Being able to predict situations that might bring on tears obviously meant I could take steps to avoid the tears. I mean, crying in public only prompts people to ask questions and there’s no answer that anyone could possibly understand. At a funeral of somebody I hardly knew I cried just as hard as their immediate family – that was embarrassing. Experimenting with mindfulness, deep breathing and meditation before facing an emotion that evoked those tears didn’t help. They came up from somewhere deep inside me and I never had any control over the duration or intensity of those tears.
These deep, scary tears only slowed when his army service ended and I settled in my own little house because I was able to settle and heal. Nobody would tell me to leave. Some situations are best avoided, such as funerals, goodbye parties and people in their early pregnancies so it’s been a long time since I’ve had a sudden bout of unexpected public crying – but today it happened. Unexpected. All consuming. A little scary and quite confusing. But there it was – the lid was off my slow cooker…
Today’s unexpected crying popped up when I was driving to the primary school where I teach, to tell the principal that I wouldn’t be returning to work. Tears began streaming down my face as I neared the car park entrance and, instead of turning in, my car drove itself past the gate and home again. I sobbed all the way home.
My mind raced, mostly asking why I felt this way when I’m not moving house, nobody has died, I’m not starting all over again and it’s not the end of an era. How did I feel?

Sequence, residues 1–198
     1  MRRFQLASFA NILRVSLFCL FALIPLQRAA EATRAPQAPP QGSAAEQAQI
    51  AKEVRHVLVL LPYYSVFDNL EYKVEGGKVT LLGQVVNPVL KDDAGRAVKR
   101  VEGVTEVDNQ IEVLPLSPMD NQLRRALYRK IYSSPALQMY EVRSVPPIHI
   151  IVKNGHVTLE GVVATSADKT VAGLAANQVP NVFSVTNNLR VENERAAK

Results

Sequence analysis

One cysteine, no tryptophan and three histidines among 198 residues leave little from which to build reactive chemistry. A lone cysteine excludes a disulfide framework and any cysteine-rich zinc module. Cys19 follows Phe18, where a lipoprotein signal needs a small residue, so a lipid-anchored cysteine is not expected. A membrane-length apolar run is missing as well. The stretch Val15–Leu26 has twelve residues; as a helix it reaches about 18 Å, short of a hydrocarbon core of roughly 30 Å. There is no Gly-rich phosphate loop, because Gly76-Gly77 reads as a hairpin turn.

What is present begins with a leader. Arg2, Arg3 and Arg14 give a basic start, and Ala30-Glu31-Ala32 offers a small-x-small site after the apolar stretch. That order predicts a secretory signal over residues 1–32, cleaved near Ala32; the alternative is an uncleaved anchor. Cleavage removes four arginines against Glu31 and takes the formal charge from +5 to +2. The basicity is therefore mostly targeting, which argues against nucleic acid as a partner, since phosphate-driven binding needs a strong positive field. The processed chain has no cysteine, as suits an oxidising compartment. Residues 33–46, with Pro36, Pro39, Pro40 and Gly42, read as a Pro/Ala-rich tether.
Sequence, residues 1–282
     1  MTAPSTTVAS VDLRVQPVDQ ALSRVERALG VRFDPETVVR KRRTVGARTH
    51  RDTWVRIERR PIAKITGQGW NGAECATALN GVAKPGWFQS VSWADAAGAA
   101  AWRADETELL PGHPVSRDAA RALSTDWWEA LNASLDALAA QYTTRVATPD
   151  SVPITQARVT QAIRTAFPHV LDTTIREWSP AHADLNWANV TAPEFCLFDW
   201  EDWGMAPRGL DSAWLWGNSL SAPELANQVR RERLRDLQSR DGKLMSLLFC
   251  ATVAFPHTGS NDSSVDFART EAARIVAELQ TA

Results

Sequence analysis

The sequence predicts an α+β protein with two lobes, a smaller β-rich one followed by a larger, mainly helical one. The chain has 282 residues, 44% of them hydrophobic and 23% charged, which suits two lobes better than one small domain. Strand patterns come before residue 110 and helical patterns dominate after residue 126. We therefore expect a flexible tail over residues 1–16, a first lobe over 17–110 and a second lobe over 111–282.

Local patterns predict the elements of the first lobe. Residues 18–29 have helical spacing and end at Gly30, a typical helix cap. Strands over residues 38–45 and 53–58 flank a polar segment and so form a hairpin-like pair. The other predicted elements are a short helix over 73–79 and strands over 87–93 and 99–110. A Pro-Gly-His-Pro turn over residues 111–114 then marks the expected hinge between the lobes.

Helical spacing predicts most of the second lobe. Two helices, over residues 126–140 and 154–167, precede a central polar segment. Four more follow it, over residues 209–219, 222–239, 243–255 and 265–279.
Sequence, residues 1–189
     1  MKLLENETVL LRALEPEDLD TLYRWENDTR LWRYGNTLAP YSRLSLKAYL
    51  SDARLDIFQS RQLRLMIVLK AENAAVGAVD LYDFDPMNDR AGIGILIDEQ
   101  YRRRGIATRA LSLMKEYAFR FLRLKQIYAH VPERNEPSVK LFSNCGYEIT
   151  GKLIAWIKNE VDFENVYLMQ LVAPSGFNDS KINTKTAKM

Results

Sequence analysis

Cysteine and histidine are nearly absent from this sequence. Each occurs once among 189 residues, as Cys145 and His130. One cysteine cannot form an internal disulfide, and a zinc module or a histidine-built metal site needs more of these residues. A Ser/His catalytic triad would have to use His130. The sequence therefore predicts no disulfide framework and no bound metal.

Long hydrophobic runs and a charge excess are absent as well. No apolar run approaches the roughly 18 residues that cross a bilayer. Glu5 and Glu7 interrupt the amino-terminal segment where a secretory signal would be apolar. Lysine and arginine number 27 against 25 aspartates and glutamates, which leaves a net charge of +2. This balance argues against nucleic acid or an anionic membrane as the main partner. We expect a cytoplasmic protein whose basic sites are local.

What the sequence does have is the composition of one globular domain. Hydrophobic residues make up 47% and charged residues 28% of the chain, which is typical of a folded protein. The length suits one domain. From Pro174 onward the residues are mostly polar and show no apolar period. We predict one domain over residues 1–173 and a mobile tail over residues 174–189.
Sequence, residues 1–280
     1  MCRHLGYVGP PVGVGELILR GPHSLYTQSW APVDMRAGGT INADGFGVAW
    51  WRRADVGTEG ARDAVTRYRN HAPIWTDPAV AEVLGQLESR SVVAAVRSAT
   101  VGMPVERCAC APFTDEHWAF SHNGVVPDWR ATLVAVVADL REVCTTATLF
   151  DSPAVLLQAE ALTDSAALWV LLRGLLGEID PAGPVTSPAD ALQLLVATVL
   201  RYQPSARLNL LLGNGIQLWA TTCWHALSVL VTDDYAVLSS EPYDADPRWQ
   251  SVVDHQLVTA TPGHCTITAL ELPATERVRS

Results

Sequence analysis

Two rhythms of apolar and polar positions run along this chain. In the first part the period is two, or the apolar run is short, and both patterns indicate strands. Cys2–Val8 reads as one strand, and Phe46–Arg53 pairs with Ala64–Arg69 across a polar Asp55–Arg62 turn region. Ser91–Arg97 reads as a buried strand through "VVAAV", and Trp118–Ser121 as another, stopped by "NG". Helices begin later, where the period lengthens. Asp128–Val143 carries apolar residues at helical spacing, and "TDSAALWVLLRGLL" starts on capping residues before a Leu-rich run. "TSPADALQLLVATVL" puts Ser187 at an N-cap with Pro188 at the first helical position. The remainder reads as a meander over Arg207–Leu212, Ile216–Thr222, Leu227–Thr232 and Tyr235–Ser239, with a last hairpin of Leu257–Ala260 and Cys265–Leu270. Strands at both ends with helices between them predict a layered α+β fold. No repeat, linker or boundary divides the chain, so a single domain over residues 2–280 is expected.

Feelings of disappointment, tinged with some anger and just a little bit of fear came through and I felt sure it was anger at the muscular dystrophy that’s been slightly annoying and little bit limiting for my whole life for now controlling my life. It’s unbelievable that I can no longer get through much of a physical day without feeling like I’ll fall down; I can’t get my kayak onto the roof of the car – let alone paddle it at the beach, I can’t ride my bike if there’s a slight breeze or little incline/hill, and I no longer go on long walks or deep water swims.
Being honest with myself is still difficult, too, because the above paragraph is general rubbish. The truth is that getting milk from the furthest end of the supermarket is difficult, holding my arms up to dry my hair means I can’t hold them up again (or reach up, or carry anything) for a day or two. Hell, even sitting in a car tires my muscles! Surely, these are the truths that would make anybody disappointed, angry and fearful.
But there’s no room in my slow cooker to add anger, disappointment and fear to the existing “moving house” simmer, so I go to my reliable strategy of rationalising.
It’s not like I’m a tragic case. Looking back, my past is filled with every physical thing I ever wanted to achieve: bike riding, kayaking, water skiing, scuba diving, hiking and general swimming in the pool and ocean. There’s a huge sense of gratitude and relief that I managed to fit all that in before getting to this stage.
Water sports, high grades in university and teaching children has been a fabulous past and I’m only just taking my first steps into my unknown future and adjusting gracefully as I go along. I’m saying goodbye to so much yet I’m grateful for the chance I’ve had to bite all of those apples. I’ve achieved so much in my life that this new way of living is surely achievable.
It’s obvious now my tears were indeed related to my ‘moving house’ tears. I’m actually being forced to move again at a time I had planned (and thought) that I’d set my life up to exactly what I wanted. This is exactly like being told to stop what I’m doing and start again. My pride in being independent, productive, appreciated, respected and wanted has been interrupted by my body telling me to leave all that behind and start again.
Writing has brought me to the realisation that this is just a flare up of my “moving house” emotion as I say goodbye to my job, financial stability, the kids, my colleagues, my hopes…. yep… there I go again… a cry baby.
I think I’ll actually be okay now that I understand.